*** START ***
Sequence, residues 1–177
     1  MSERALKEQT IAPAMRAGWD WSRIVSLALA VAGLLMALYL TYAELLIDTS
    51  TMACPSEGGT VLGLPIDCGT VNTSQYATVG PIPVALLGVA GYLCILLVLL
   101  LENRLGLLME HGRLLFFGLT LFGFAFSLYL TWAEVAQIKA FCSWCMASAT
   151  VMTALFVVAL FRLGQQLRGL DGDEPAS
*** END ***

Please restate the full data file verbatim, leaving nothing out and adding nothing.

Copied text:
Sequence, residues 1–177
     1  MSERALKEQT IAPAMRAGWD WSRIVSLALA VAGLLMALYL TYAELLIDTS
    51  TMACPSEGGT VLGLPIDCGT VNTSQYATVG PIPVALLGVA GYLCILLVLL
   101  LENRLGLLME HGRLLFFGLT LFGFAFSLYL TWAEVAQIKA FCSWCMASAT
   151  VMTALFVVAL FRLGQQLRGL DGDEPAS